pop goes the world: common sense isn’t all that common

POP GOES THE WORLD By Jenny Ortuoste for Manila Standard-Today, 2 September 2010, Thursday

Common Sense Isn’t All That Common

You groaned – I heard you. I’m not surprised – we’ve heard that hoary old aphorism many times before, and can cite horrifying instances from experience to prove its veracity. Thinking people often bemoan how crooked reasoning has supplanted logic and common sense, which have gone the way of either eight-track tapes (unused), steak tartare (very rare), or Jose Rizal (dead).

While not confined to those in government service, the dearth of critical thinking skills in that sector provide many jaw-dropping examples that, sadly, impact upon public interest. Here’s one incident that will make you indignant at how our tax pesos are spent, as recounted by University of the Philippines-Diliman professor emeritus Dr. Cristina Pantoja-Hidalgo:

“From February 2005 to May 2010, I was vice president for public affairs of the UP System, serving under UP president Emerlinda R. Roman. Under me were the Information Office, the Office of Alumni Relations of the UP System, and the Gurong Pahinungod.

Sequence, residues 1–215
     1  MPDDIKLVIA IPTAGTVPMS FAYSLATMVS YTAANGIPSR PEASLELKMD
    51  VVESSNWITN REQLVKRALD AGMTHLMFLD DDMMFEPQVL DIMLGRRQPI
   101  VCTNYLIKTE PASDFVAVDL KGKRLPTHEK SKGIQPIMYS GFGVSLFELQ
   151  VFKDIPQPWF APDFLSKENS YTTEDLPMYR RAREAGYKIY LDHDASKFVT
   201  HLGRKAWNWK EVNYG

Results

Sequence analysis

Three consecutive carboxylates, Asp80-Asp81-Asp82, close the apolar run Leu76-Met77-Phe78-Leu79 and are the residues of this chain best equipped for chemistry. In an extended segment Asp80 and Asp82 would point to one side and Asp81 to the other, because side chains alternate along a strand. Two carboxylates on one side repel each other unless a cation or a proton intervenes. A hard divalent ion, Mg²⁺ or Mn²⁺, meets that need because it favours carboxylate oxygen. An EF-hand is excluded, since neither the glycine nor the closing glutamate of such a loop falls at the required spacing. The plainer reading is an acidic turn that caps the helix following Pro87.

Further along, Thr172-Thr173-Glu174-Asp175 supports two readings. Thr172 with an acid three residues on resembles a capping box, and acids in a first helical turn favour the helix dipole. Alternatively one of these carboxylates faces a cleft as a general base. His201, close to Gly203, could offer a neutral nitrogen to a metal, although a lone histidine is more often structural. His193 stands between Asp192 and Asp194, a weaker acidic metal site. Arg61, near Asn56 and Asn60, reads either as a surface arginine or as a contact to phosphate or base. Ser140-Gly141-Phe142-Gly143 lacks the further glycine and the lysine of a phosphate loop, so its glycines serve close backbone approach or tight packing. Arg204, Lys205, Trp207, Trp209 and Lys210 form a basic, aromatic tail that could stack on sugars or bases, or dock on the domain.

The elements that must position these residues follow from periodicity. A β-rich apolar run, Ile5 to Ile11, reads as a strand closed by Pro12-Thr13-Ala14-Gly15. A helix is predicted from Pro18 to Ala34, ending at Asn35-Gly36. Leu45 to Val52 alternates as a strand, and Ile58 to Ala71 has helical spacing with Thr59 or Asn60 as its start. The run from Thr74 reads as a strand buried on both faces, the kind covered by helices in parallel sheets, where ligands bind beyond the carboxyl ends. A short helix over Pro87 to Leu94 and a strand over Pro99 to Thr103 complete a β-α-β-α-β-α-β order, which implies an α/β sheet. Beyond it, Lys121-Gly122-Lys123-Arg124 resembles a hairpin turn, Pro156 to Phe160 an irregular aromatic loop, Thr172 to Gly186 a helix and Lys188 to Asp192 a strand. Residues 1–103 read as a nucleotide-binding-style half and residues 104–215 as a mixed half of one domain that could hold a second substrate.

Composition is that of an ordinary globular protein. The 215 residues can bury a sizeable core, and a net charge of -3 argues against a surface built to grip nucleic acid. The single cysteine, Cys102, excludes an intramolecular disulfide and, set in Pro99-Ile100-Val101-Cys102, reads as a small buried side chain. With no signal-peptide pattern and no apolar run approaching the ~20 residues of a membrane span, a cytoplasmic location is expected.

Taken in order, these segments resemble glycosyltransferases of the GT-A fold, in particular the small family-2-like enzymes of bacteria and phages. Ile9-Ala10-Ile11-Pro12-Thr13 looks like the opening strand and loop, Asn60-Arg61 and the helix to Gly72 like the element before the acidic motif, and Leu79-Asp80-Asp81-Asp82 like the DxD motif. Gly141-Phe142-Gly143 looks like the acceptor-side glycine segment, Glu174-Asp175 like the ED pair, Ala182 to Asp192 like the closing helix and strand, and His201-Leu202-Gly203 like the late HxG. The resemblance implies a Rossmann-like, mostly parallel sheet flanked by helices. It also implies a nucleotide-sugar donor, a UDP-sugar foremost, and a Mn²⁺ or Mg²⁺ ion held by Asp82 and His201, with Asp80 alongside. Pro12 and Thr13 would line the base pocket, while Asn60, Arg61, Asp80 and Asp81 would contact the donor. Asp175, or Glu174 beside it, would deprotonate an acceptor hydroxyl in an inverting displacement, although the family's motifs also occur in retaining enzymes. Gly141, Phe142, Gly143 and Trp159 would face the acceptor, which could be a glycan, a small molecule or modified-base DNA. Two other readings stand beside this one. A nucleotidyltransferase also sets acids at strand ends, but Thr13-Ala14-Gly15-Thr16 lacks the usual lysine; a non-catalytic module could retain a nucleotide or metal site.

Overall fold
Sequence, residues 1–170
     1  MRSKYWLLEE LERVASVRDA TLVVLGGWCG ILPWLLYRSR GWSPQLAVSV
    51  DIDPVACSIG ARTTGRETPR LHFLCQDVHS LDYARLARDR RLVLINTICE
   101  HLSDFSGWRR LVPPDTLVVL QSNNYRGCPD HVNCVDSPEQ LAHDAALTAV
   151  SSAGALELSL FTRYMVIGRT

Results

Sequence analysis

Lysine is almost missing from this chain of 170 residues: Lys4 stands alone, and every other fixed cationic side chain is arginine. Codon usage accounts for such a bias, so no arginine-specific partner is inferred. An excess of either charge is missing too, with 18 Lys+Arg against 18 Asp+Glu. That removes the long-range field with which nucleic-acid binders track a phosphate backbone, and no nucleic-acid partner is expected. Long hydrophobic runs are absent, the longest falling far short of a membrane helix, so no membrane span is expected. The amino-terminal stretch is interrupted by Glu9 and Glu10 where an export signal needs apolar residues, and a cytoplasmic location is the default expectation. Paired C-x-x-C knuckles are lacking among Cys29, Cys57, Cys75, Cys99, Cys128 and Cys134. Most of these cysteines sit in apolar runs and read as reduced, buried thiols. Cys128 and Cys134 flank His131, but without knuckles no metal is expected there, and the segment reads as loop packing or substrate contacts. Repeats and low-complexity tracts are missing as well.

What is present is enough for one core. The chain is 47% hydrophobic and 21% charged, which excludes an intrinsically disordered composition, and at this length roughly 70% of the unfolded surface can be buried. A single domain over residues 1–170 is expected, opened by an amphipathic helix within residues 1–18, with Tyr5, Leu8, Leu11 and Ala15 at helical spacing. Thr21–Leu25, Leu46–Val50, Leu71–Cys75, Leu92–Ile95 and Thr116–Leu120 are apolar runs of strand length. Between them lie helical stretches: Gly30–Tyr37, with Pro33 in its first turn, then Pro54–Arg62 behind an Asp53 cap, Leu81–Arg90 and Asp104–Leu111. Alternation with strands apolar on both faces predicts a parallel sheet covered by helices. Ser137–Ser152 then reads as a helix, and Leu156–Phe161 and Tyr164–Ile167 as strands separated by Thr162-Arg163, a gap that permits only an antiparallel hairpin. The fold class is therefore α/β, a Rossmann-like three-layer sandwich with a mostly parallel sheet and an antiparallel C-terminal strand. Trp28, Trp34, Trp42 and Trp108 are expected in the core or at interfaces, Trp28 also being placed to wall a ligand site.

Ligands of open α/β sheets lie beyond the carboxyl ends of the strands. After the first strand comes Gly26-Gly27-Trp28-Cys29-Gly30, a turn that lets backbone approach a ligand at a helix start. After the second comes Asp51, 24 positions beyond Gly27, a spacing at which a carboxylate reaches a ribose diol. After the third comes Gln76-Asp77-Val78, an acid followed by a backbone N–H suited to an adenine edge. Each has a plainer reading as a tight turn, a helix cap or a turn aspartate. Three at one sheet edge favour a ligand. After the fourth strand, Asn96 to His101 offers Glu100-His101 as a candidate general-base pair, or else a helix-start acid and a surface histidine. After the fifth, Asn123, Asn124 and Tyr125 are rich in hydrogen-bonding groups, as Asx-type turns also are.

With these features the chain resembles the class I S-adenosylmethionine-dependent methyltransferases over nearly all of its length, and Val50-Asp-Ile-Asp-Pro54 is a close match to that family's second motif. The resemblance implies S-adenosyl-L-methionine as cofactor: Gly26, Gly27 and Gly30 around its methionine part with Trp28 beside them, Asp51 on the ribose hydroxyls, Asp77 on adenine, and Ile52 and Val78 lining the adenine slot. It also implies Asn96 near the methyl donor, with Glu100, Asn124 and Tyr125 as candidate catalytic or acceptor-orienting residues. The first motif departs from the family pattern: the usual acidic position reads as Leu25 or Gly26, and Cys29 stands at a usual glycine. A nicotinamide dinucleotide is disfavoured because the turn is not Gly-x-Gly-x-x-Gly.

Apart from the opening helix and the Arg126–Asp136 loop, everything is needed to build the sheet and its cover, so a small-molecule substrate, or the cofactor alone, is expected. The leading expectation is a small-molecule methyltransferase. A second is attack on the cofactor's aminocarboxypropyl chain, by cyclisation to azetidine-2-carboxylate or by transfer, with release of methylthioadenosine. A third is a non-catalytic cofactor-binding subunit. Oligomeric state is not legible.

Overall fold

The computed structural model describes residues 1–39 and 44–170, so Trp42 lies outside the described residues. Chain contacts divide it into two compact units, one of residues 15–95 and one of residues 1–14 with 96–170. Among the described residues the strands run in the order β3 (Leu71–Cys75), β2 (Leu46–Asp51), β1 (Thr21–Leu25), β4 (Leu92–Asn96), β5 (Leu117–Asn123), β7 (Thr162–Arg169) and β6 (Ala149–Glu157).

“Because UP was preparing for the celebrations of its Centennial in 2008, our work load—heavy at best—became considerably heavier. A slew of other tasks was added to the regular responsibilities of running three newspapers, maintaining the UP System website, producing regular magazine-sized reports, writing and sending out regular media announcements, providing support for the Office of the President during the annual presentation of the UP Budget to Congress and the campaign in Congress for the approval of the new UP Charter, and providing communications support for the offices of the other vice presidents.